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CrimpJiggler
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[*] posted on 26-2-2012 at 03:36
Making a gas bubbler


I need to be able to make hydrohalic acids of exact concentrations (i.e. 32% HCl, 55% HBr etc.) and from reading threads on this forum, I've concluded that the way to go is to pour 98% H2SO4 onto dry NaCl and lead the HCl gas, via a tube, into water. I found a good thread here:
https://www.sciencemadness.org/whisper/viewthread.php?tid=15...
in which peach posts his/her contrivance. I'm very low on money at the moment and was hoping I could just make do with what I've got. Heres what I'm thinking:

I know this is a caveman apparatus but I'm broke at the moment so I have to McGyver the things I have at hand. My idea is to put the NaCl at the bottom of the bottle then pour 98% H2SO4 in and rapidly stopper the bottle.

My major concern is that HCl gas will escape before I have a chance to stopper the bottle. However, it won't form instantly so I should have a good second or two before gas builds up in the bottle. Are there any reasons why this simple apparatus would not work? Also, this metathesis reaction very exothermic? I'm thinking of using a borosilicate flask instead of the bottle, that way I can add the H2SO4 in through a claisin head but I don't have any quickfit addition funnels unfortunately.

EDIT: I have some narrow PVC tubing but the most convenient tubing to use would be this bunsen burner tubing:

due to its flexibility. Every bunsen burner I've seen in my life, had this same tubing (the same color and all) so I'm guessing everyone here is familiar with it. Is it made of natural rubber?



[Edited on 26-2-2012 by CrimpJiggler]
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[*] posted on 26-2-2012 at 04:03


A gas bubbler needs to be protected against suckback, which would otherwise be inevitable if you are trying to dissolve something like HCl, which is violently absorbed by water and will create a vacuum in the gas production flask. Use two gas bubblers in series, with the first one connected in reverse!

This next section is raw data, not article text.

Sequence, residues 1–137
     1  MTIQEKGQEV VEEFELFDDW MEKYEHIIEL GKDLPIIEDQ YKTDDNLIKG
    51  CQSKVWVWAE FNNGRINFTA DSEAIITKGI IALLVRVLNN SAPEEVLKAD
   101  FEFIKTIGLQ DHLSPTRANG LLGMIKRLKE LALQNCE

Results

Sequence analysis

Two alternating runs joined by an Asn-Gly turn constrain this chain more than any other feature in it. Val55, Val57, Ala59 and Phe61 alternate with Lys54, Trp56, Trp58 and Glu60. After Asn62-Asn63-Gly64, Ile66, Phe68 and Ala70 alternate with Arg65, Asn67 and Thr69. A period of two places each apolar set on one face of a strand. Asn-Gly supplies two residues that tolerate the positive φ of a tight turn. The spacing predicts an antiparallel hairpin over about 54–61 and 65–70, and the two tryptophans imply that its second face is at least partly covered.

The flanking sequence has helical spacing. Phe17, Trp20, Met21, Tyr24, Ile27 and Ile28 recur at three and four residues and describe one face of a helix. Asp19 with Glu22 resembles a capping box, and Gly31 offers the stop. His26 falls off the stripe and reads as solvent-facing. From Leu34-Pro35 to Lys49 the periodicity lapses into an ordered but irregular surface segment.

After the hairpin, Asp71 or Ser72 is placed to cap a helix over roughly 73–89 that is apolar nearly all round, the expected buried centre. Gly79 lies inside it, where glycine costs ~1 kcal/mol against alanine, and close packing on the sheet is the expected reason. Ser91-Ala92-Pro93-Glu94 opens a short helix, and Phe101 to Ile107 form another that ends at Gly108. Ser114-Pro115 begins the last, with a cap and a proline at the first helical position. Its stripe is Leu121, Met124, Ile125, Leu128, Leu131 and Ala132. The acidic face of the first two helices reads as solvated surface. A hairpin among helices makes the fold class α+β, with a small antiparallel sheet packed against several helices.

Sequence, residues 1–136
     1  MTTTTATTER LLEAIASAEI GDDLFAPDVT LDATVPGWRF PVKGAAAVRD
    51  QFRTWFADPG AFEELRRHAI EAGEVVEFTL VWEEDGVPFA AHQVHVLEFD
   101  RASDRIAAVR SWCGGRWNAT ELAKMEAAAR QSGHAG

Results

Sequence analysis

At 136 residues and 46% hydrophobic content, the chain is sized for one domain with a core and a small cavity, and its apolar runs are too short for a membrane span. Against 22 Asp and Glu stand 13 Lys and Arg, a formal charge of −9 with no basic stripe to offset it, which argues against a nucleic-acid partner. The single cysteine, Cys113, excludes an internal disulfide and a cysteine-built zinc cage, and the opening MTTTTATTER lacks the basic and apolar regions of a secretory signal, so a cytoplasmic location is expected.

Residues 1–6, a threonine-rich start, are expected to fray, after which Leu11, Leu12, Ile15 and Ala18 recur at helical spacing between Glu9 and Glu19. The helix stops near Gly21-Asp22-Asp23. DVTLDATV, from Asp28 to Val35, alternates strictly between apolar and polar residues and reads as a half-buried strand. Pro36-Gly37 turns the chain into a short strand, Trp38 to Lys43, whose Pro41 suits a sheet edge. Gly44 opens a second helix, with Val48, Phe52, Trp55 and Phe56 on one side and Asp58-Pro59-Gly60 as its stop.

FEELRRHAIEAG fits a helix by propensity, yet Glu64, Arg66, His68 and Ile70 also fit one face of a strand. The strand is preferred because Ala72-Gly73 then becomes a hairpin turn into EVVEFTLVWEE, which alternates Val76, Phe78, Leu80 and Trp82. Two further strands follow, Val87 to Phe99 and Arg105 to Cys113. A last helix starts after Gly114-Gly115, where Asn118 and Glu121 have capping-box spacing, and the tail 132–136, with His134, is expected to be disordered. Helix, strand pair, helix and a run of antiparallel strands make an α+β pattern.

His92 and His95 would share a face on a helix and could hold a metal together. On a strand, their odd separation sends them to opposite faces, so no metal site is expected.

In order to capture all the gas from the reaction, you simply use a pressure-equalized dropping funnel to add the acid to the salt when the entire apparatus is already set up and everything connected.

And if you need acid of exact concentration, you absolutely have to titrate it with standardized NaOH solution!
Is there a reason why you can't just titrate store-bought HCl and write the exact concentration on the bottle?
I did so with my bottles of reagent grade "98%" H2SO4, which all turned out to be exactly 96%. I had to know the exact concentration for the preparation of oleum from SO3 and H2SO4, in which small uncertainties in the water content of the H2SO4 can cause a large error in the final oleum concentration. It's good to know for sure how good your reagents are!




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CrimpJiggler
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[*] posted on 26-2-2012 at 04:20


I thought that the inverted funnel would prevent water from being sucked back due to the large amount of water that would have to fill the funnel before any of it could reach the tube. Does the air get sucked out of the reaction flask along with the HCl? Anyhow, I know you're talking from experience so I'll take your advise and add a second bubbler to the apparatus. I'm not entirely sure what you mean though. I'll draw another diagram of what I have in mind.

I agree, I've concluded that I'm going to have to start titrating to determine the concentration of my acids. I wish I had some phenolphthalein, it will be a real pain in the ass using pH strips to determine the endpoint. Then again, I can just do a series of rough titrations to narrow it down. What do you mean about store bought HCl? In my country, we don't have muriatic acid, all the HCl drain cleaners here seem to have a max concentration of 10% and contain surfactants.